Your business may have a Google ranking in the top 10% today. But every once in a while, Google changes its algorithms, and nobody really knows how they do it, and they never give warning when they do it. One day you're top 10%, the next thing your number 3,287,489 on the Google rankings, and you wonder how the heck did that happen? The answer is Google changed its algorithm and you have to work hard to get your SEO back up into the top 10% again. This is why I say the buyer of a web-based business has to be familiar or have someone on their team who is familiar with search engine optimization and web marketing.

   If they do not have that experience, it is the first step on the road to disaster. Google Dances happen. When they happen, the team has to be prepared to move quickly and get these search engine rankings back up again, and they can't do it if they don't have the relevant experience. A big competitor is muscling their way in. Amazon has decided that they want to get into your line of business. Now, that is the wrong reason to sell. Then last but not least, the seller is personally burned out and will sell to anyone with a pulse. Generally speaking, the best time to sell is when the business is doing well and the seller really feels that the business has value.

   Okay. Now let's shift over to the buyer's side. Here's some of the tricks to think about when prepping the buyer. Again, the key question, does the buyer have the necessary SEO and web marketing skills to keep the business going? I cannot stress this strongly enough. If not, they will be heavily reliant on the seller's employees, which is okay as long as they're going to stay on board. But a lot of employees, especially in small, closely held web companies, they get like family. Daddy sells out, all of a sudden, they don't really want to work for this total stranger who's buying into the business.

   They'd rather go elsewhere, and since all the relationships are virtual, it's very easy for them to snap on and snap off. You have to spend a lot of time making sure that the key employees, especially the web marketing people, stay on board. Can the buyer do a better job growing the business than the seller can? Does he have better experience or she have better experience? Does the buyer care about the business's customers and does the buyer share the culture of the business? These are intangibles. But you're going to find that like any business, web-based businesses have certain culture.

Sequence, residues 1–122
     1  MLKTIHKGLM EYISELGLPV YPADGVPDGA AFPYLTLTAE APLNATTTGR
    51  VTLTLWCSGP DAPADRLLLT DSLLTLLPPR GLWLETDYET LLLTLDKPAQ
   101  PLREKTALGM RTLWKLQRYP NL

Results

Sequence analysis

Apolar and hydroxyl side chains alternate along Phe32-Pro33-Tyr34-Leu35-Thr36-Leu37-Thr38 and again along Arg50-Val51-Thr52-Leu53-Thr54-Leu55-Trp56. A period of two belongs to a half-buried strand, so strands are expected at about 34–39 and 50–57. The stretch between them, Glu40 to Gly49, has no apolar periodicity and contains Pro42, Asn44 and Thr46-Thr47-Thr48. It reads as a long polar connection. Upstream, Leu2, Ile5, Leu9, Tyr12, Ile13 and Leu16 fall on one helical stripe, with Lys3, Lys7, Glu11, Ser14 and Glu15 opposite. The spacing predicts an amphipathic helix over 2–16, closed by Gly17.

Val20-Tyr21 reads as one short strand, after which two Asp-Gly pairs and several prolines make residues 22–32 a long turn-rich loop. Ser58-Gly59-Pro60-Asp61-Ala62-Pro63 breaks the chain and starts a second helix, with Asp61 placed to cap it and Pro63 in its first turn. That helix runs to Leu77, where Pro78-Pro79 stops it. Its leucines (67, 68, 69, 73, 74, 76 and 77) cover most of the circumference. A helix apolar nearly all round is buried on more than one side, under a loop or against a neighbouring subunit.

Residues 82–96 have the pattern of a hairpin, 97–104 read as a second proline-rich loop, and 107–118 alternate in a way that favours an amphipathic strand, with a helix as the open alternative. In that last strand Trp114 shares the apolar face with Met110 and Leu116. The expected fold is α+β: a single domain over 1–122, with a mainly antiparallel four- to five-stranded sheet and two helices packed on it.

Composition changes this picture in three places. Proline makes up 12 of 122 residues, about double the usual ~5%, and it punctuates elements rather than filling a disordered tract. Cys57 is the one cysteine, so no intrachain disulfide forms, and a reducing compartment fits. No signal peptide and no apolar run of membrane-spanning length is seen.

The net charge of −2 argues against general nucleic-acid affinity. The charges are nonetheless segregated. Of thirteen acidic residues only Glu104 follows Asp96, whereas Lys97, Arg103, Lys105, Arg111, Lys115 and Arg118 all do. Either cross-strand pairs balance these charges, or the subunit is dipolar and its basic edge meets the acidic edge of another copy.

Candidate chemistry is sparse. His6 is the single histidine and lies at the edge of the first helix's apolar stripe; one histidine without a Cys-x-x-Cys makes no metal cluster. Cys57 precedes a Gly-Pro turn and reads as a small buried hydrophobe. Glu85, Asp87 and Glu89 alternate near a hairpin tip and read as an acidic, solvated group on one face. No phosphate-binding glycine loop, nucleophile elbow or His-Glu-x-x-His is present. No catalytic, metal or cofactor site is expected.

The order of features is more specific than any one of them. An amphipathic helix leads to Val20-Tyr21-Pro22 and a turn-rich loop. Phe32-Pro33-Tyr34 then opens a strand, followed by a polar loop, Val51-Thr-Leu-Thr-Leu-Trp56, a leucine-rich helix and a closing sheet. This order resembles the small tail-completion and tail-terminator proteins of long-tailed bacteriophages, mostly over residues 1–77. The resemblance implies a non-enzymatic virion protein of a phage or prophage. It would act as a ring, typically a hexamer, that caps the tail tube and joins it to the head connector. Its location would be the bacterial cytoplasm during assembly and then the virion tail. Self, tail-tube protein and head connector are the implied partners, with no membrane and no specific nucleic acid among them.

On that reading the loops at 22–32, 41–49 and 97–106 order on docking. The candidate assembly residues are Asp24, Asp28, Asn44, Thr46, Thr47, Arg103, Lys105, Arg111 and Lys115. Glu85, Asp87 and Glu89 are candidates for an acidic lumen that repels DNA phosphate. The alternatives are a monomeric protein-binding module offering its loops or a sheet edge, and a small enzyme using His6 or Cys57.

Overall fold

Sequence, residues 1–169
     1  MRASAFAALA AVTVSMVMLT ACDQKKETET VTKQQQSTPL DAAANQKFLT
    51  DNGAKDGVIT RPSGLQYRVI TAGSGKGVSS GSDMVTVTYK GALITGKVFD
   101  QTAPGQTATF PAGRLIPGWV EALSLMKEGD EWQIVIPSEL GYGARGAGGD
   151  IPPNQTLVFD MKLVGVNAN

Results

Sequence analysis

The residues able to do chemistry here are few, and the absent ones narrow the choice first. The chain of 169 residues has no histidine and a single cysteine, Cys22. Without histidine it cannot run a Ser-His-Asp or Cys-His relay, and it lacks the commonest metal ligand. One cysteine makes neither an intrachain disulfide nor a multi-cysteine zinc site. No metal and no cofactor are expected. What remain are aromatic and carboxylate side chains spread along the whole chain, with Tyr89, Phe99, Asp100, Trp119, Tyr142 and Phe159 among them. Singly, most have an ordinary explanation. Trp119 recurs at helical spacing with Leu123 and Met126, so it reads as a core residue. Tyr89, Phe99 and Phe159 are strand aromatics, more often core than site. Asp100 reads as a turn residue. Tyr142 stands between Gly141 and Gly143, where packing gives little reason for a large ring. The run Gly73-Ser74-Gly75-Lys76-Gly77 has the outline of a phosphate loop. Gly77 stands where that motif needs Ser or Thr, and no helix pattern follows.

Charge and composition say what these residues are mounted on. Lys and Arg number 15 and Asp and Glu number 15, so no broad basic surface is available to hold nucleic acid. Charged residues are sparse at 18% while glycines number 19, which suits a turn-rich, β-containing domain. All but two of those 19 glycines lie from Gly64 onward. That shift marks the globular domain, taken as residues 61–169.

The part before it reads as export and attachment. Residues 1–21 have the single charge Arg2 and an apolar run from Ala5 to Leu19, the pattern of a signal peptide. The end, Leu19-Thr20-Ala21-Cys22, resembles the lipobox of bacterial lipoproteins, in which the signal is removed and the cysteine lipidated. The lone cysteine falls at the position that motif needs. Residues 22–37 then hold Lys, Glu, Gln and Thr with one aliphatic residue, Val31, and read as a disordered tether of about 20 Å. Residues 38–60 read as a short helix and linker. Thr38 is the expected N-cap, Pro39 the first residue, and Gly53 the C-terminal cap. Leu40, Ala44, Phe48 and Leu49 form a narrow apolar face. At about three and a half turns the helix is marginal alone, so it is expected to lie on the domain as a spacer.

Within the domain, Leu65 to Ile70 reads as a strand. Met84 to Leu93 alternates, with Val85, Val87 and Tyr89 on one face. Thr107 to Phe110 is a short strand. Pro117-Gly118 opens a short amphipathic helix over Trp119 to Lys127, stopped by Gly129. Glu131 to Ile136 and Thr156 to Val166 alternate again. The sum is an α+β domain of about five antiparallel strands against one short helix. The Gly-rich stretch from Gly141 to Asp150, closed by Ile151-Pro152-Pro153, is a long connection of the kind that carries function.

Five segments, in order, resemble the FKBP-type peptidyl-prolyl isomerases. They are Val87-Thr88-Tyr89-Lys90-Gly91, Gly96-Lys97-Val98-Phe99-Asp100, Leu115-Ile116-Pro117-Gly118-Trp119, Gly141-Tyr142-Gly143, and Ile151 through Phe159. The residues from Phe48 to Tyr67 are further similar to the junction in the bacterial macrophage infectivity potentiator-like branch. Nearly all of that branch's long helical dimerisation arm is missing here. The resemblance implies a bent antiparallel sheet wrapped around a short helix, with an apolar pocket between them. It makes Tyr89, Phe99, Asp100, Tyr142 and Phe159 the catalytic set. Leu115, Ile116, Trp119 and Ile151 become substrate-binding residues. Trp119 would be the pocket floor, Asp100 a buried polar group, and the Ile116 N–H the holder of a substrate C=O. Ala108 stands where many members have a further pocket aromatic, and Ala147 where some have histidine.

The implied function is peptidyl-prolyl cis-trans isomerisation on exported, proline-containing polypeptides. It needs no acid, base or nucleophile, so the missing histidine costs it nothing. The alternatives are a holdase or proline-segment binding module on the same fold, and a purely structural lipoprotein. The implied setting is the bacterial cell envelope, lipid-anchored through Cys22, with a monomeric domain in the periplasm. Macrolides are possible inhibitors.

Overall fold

Auto companies, for example, websites that deal with auto related issues, tend to be very masculine, macho, Y chromosome, towel-snapping kind of places. They just tend to be that way. Whereas certain other sites, like many female friendly e-commerce businesses that sell things on Etsy, that's much of a more female handy craft type of a culture. Some people think it's a little bit of a counterculture type of thing. It really helps if the buyer gets the customers and gets the culture of the business. That's true of any business sale, but it's especially true of web-based businesses.

   A lot of the time you're dealing with niche markets here, and it's very important to understand that niche. The buyer's temperament and lifestyle. Beware the absentee owner sales pitch. Sooner or later, especially if you're dealing with a broker, they're going to try to say, "Oh, you can just buy the business and it runs itself. All you got to do is stay on top of the rankings every once in a while and make sure they haven't slipped too far." Never, ever buy onto that. Web-based businesses are hands on 24/7. You have to change things every ... Customers want to know what's new? What's changed today?

   I understand that over a million new listings are posted on eBay every day, thousands every hour. This is the kind of thing that's going on. While you can automate a lot of it, you can't automate everything. Is the buyer comfortable with selling? Are they comfortable with marketing? There are a lot of people that want to buy these businesses that are more oriented on the tech side, which is great. They understand the technology, but you also have to know how to sell stuff too. I have a great YouTube video. For those of you who are interested, I do have a YouTube channel.

   If you go to youtube.com and search for Cliff Ennico, you'll see I've got 52 videos up there. Each one's about an hour long on different aspects of running a small business or an entrepreneurial startup. These do not qualify for MCLE credits, I have to say that. This program you're listening to now does, but my YouTube stuff doesn't. The one you want to search for is one call Cliff Ennico, How to Sell. This is a video I recorded in 2015. It has over 300,000 views from people in over 85 countries around the globe. I think I did a pretty good job with this. It's absolutely free, it'll take an hour out of your life, and it'll give you a perspective on selling that I guarantee you will not find anywhere else.